The Stress-Pain Connection
Stress and chronic pain have a complex relationship. Living with pain day after day can be stressful. It can also lead to mental health problems. In fact, one-third of adults with arthritis have anxiety or depression.
When pain leads to stress
When you have chronic pain, it’s always on your mind. Living with chronic pain can make you feel like you’re not able to do some of the activities you want to do. For example, people with arthritis can have trouble with simple tasks such as bending, carrying groceries, or climbing stairs. If you’ve had a difficult time finding ways to manage your pain, it can take a toll on your emotions—you may feel angry, frustrated, anxious, or depressed.
How stress can be a pain
Stress can make chronic pain worse. Stress causes your muscles to tense or spasm, which increases pain. When you feel stressed, levels of the hormone cortisol rise. This can cause inflammation and pain over time.
What you can do
Many of the steps you can take to control stress will also reduce your pain. Here are some lifestyle changes that can improve both:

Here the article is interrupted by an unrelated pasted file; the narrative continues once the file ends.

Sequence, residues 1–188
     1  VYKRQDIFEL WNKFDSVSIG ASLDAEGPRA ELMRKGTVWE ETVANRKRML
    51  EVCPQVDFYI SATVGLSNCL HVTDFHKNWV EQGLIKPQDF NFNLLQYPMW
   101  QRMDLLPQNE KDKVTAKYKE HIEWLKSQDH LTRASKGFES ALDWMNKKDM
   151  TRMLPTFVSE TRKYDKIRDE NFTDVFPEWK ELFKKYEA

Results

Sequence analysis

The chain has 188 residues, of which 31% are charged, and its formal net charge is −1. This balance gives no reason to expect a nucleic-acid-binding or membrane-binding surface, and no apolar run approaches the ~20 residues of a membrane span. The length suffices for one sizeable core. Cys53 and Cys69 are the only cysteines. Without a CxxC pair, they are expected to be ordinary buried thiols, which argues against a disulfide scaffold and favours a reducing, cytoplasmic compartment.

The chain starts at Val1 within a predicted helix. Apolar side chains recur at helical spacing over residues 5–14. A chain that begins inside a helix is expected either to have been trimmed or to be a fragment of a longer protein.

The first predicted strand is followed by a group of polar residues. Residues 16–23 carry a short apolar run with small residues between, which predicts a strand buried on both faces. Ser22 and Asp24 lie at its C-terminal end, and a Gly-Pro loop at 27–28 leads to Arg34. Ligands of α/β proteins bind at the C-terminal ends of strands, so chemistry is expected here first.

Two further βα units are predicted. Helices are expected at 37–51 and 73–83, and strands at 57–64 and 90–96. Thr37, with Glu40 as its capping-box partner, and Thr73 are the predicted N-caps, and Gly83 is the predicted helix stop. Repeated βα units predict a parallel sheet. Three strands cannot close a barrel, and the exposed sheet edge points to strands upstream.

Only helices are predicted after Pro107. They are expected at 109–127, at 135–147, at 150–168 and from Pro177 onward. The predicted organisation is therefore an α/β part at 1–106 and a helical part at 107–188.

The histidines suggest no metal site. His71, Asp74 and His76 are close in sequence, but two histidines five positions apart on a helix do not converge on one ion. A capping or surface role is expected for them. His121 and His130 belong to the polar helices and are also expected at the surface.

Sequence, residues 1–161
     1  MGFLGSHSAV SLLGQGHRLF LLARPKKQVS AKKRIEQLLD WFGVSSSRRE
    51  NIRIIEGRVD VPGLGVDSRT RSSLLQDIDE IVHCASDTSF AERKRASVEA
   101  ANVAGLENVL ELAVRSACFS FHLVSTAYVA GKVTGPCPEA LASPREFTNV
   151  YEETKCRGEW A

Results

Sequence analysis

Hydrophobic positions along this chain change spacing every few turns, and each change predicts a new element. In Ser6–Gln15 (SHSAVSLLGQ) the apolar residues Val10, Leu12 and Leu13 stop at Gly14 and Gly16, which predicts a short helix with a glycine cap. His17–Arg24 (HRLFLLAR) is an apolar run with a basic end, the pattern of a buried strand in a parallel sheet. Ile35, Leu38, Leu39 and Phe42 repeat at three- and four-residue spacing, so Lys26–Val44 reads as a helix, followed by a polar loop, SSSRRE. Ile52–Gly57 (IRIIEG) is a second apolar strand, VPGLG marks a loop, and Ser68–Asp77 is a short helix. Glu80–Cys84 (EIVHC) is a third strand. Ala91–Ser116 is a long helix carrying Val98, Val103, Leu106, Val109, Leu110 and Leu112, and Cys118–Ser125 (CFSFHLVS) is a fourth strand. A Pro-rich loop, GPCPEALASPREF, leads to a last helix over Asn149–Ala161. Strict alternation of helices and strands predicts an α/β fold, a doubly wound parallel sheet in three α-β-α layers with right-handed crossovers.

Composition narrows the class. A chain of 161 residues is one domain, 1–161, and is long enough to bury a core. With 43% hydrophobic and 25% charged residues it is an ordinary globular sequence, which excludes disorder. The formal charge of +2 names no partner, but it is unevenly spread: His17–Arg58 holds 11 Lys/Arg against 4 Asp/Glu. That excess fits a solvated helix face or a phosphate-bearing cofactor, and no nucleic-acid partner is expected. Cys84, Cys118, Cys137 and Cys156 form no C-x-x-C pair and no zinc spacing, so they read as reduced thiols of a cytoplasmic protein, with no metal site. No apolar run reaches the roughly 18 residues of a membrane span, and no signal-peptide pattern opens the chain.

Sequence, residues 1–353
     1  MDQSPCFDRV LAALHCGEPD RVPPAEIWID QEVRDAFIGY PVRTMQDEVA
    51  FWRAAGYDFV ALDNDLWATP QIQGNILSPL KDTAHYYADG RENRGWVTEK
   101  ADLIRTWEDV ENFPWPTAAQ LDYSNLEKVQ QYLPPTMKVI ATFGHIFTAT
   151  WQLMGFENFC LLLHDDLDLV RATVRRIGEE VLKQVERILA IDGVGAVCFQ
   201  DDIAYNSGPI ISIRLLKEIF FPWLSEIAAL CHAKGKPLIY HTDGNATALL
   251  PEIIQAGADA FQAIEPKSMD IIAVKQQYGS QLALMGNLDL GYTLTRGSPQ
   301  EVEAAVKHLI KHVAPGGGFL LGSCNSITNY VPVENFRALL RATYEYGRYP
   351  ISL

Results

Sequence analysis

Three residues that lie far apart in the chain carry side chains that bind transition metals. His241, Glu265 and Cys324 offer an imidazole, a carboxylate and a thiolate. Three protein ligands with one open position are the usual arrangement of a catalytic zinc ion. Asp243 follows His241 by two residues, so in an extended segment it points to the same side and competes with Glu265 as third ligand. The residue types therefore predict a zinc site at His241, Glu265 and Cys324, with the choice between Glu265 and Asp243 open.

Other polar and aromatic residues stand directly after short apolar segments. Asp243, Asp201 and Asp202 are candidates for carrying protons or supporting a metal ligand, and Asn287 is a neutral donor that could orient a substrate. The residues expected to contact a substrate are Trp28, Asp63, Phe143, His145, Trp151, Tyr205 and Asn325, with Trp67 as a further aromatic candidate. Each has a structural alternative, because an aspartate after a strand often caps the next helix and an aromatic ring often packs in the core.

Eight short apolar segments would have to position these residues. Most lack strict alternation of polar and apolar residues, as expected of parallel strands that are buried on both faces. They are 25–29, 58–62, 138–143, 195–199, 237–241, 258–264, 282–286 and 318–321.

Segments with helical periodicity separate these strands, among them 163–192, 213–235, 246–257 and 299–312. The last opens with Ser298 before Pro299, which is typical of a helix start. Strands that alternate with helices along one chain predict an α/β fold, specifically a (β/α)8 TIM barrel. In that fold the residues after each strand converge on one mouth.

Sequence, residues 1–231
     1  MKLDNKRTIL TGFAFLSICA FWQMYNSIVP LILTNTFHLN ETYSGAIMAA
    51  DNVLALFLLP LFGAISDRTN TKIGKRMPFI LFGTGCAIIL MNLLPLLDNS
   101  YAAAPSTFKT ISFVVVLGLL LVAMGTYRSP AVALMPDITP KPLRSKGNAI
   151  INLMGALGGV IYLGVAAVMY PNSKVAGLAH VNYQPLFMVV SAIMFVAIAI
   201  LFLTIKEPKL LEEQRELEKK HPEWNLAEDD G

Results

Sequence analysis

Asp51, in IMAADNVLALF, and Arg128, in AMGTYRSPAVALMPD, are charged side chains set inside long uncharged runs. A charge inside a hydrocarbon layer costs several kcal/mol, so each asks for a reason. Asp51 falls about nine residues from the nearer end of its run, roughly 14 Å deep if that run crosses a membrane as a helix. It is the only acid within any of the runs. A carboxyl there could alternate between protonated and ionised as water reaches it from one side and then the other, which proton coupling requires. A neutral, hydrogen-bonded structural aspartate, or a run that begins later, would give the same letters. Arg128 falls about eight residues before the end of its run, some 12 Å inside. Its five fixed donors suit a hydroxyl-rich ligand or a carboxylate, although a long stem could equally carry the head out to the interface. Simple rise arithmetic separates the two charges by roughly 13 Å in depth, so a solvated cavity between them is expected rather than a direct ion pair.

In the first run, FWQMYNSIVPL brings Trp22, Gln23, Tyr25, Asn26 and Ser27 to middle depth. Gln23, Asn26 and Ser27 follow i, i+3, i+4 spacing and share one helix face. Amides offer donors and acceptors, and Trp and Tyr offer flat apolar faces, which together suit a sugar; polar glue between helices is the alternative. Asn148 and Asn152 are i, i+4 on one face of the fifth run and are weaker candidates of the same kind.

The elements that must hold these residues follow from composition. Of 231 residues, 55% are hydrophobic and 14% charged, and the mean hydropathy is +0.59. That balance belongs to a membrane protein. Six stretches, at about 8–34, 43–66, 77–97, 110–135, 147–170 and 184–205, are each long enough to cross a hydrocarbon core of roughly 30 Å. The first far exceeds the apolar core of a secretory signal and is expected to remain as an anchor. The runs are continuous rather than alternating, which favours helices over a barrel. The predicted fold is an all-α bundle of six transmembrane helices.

Stay active. Increasing your physical activity reduces stiffness and boosts mood. Try low-impact activities such as biking, swimming, and walking.
Sleep well. Getting enough sleep at night is important for your physical and emotional well-being. Try going to bed and waking up at the same time every day. Avoid caffeine late in the day so it doesn’t affect your sleep.
Find distractions. When you’re in pain, find ways to take your mind off it. You could take a walk, watch a movie, or meet up with a friend. Activities that you enjoy doing can help you better cope with pain.
If you have chronic pain along with stress, anxiety, or depression, talk with your doctor. Your doctor can make sure you’re on the best treatment plan for your condition and symptoms. Your doctor can also refer you to a mental health provider who can help you develop new coping skills, which can make a difference in how you feel in your body and mind.